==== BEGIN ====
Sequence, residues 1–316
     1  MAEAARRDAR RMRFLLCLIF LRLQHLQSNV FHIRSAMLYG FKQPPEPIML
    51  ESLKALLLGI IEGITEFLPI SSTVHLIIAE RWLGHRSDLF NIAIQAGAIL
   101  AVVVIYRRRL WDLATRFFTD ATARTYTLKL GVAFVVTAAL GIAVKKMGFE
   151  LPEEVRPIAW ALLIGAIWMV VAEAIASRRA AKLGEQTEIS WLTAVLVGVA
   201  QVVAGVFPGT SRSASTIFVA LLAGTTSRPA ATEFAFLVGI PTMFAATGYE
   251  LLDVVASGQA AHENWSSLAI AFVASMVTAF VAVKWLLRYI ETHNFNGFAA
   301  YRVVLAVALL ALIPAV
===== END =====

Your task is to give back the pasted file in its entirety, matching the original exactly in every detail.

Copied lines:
Sequence, residues 1–316
     1  MAEAARRDAR RMRFLLCLIF LRLQHLQSNV FHIRSAMLYG FKQPPEPIML
    51  ESLKALLLGI IEGITEFLPI SSTVHLIIAE RWLGHRSDLF NIAIQAGAIL
   101  AVVVIYRRRL WDLATRFFTD ATARTYTLKL GVAFVVTAAL GIAVKKMGFE
   151  LPEEVRPIAW ALLIGAIWMV VAEAIASRRA AKLGEQTEIS WLTAVLVGVA
   201  QVVAGVFPGT SRSASTIFVA LLAGTTSRPA ATEFAFLVGI PTMFAATGYE
   251  LLDVVASGQA AHENWSSLAI AFVASMVTAF VAVKWLLRYI ETHNFNGFAA
   301  YRVVLAVALL ALIPAV